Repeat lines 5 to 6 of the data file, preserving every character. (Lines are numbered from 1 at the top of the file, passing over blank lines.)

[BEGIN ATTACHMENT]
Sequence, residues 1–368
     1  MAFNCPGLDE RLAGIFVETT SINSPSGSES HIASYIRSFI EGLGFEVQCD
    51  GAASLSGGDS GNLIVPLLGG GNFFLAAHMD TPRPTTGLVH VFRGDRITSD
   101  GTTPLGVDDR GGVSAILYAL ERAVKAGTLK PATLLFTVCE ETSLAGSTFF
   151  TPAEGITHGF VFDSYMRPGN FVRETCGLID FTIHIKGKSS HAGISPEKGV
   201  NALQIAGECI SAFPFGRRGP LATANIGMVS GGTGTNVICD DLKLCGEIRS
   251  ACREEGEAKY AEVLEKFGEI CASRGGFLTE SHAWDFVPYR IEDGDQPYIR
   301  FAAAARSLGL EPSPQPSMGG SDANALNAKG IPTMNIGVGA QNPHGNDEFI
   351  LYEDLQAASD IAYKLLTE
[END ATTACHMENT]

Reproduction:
   151  TPAEGITHGF VFDSYMRPGN FVRETCGLID FTIHIKGKSS HAGISPEKGV
   201  NALQIAGECI SAFPFGRRGP LATANIGMVS GGTGTNVICD DLKLCGEIRS